Infiltrating inflammatory cells were classified by immunohistochemical analysis of air-dried cryostat sections (6 µm), applying specific antibodies (anti-CD11b, ImmunoTools, Friesoythe, Germany and anti-CD3, BD Pharmingen, Heidelberg, Germany, respectively) and an avidin–biotin-peroxidase (ABC) technique precisely as described before [28]. Subsequently, the slides were counterstained with Mayer's hemalum solution, dehydrated by four short incubations in ethanol and xylene (two times each) and embedded in Pertex (MEDITE, Burgdorf, Germany). Apoptotic cells in pancreatic tissue were detected employing cryostat sections (6 µm) and the ApopTag Peroxidase Apoptosis Detection Kit (Millipore, Billerica, MA, USA). The kit is based on the TUNEL method and stains apoptotic cells in situ by labeling DNA strand breaks. Staining was performed according to the instructions of the manufacturer as previously described [28]. Afterwards, tissue sections were counterstained with methyl green at 0.5% (10 min), dehydrated with xylene and embedded in Pertex. Positive-stained cells (ABC staining and ApopTag Kit, respectively) were counted in ten representative areas per section (one area  = 0.09 mm2).

Measurement of Myeloperoxidase (MPO) Activity

MPO activity in lung tissue was determined using the MPO fluorometric detection kit from Enzo Life Sciences (Lörrach, Germany). The kit uses a non-fluorescent detection reagent, which is oxidized in the presence of hydrogen peroxide and MPO to produce its fluorescent analog. The lung tissue was processed by homogenization, solubilization and sonication as previously described [28] and cleared samples were stored at −80°C until assayed. MPO activity was measured in 96-well plates, using 50 µL of sample and 50 µL of reaction cocktail. After 60 min of incubation in the dark, fluorescence was recorded employing an Infinite 200 microplate reader (Tecan Group Ltd., Männedorf, Switzerland) and an excitation/emission wavelength of 550/595 nm, respectively. MPO activity was calculated using a MPO standard delivered with the kit.

In vitro Studies with Pancreatic Acini

Acini were freshly prepared from the mouse pancreas by digestion with collagenase and suspended in HEPES (24.5 mmol/L)-buffered medium (pH 7.5) containing NaCl (96 mmol/L), KCl (6 mmol/L), MgCl2 (1 mmol/L), NaH2PO4 (2.5 mmol/L), CaCl2 (0.5 mmol/L), glucose (11.5 mmol/L), Na-pyruvate (5 mmol/L), Na-glutamate (5 mmol/L), Na-fumarate (5 mmol/L), minimum essential medium (1% v/v), and bovine serum albumin, fraction V (1% w/v) as described before [28].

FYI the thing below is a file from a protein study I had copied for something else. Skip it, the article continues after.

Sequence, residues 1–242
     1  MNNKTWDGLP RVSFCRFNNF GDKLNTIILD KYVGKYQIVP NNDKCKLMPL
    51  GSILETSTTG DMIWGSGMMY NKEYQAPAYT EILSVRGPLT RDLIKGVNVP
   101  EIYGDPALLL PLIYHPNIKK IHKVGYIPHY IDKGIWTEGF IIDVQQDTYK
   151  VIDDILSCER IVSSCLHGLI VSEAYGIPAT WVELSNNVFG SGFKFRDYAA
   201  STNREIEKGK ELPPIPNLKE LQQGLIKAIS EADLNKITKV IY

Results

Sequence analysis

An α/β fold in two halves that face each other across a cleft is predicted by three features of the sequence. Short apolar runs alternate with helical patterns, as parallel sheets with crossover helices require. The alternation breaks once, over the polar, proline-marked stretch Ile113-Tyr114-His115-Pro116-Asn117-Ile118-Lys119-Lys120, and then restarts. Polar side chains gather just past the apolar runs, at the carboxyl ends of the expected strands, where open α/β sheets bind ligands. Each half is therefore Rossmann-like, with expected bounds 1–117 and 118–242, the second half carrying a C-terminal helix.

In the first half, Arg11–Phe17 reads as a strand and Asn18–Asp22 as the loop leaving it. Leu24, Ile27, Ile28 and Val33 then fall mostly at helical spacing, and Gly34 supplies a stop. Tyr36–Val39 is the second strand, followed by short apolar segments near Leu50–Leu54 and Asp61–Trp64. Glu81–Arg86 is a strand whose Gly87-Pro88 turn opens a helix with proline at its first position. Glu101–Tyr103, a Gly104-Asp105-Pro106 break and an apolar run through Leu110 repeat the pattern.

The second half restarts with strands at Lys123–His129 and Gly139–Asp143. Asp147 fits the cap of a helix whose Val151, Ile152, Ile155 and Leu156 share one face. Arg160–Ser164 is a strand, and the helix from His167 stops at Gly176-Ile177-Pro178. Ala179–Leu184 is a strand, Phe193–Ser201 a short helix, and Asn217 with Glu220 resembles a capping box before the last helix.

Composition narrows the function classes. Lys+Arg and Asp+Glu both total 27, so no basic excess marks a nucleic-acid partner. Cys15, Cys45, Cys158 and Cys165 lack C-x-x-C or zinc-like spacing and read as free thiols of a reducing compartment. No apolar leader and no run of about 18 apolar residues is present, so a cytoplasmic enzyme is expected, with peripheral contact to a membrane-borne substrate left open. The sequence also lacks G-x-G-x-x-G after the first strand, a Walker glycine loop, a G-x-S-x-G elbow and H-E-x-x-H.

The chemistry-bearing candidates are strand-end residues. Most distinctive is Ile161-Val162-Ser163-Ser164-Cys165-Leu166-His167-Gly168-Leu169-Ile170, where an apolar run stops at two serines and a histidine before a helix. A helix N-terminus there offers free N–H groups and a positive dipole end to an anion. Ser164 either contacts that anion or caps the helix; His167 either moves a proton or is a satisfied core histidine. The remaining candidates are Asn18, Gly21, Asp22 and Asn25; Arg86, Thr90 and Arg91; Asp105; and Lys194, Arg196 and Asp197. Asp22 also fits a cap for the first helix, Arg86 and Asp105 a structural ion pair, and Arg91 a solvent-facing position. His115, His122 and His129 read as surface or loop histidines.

Prior to the detection of protease activities, acini (biovolume concentration: 2 mm3/mL living cells) were treated with cerulein (Bachem) at the supramaximal concentration of 10 nmol/L for up to 90 min at 37°C. Next, acini were washed, resuspended in medium without secretagogue and incubated with the synthetic substrates for trypsin (CBZ-Ile-Pro-Arg)2-rhodamine-110 (10 µmol/L) and elastase (CBZ-Ala4)2-rhodamine-110 (10 µmol/L) (Fisher Scientific, Schwerte, Germany), respectively. Subsequently, cerulein-treated acini and control cultures, together with the substrate, were transferred to 96-well microtiter plates. Substrate cleavage in cerulein-treated acini and control cultures was quantified by cytofluorometry at 485 nm excitation and 530 nm emission wavelengths (CytoFluor 2350; Millipore, Bedford, MA). Therefore, changes of fluorescence intensity (ΔF) at RT were recorded over a time period of 90 min. The data were expressed as ΔF/Δt ratio as previously reported [28], [31].

For the detection of intracellular ROS levels, the cell-permeable non-fluorescent probe 2′,7′-dichlorofluorescin diacetate (DCFH-DA) was employed. In the presence of hydroxyl, peroxyl and other ROS activity, intracellular DCFH-DA, by oxidation and de-esterification, turns to highly fluorescent 2′,7′-dichlorofluorescein. Measurements were performed in black 96-well plates as described before [28]. Therefore, acini were preincubated with DCFH-DA (dissolved in dimethyl sulfoxide) at a final concentration of 50 µmol/L for 30 min at RT. After centrifugation, the cells were resuspended in DCFH-DA-free assay medium (HEPES 24.5 mmol/L; pH 7.4, NaCl 96 mmol/L, KCl 6 mmol/L, MgCl2 1 mmol/L, NaH2PO4 2.5 mmol/L, glucose 11.5 mmol/L, CaCl2 0.5 mmol/L, Na-pyruvate 5 mmol/L, Na-glutamate 5 mmol/L, Na-fumarate 5 mmol/L, Eagle medium 10% v/v, bovine serum albumin fraction V 1% w/v) and exposed to cerulein at either supramaximal (10 nmol/L) or maximal (0.1 nmol/L) concentrations for 30 min. Subsequently, fluorescence intensity was determined at 495 nm excitation and 529 nm emission wavelengths (GloMax-Multi+ Detection System, Promega, Madison, WI, USA). Data are expressed as percentage of controls as described in the figure legend.

Statistical Analysis

All data were stored and analyzed using the IBM SPSS Statistics 22.0. Results are expressed as mean ± standard error of mean (SEM) for the indicated number of animals/samples per experimental protocol. Statistical significance was checked using ANOVA for factors “mouse strain”, “time of cerulein treatment” and “age of mice”. Either a General Linear Model (GLM) procedure (Univariate or Repeated Measurements, depending on experimental design) was applied, or, if assumptions were failed, the respective non-parametric procedure for analysis of variance (Kruskal-Wallis-H or Friedman test). In addition, in GLM there were all effects between groups post-hoc tested by the two-sided Dunnett-T test, and the effects within groups by a simple contrast, with the first category as reference. Otherwise, the Mann-Whitney U-test (Bonferroni-adjusted) was used for post-testing. All subgroups were subsequently tested non-parametrically (Mann-Whitney U-test, Bonferroni-adjusted in case of multiple testing). P<0.05 was considered to be statistically significant.

Results

Pancreatic Histopathology of B6-mtAKR and B6-mtFVB Mice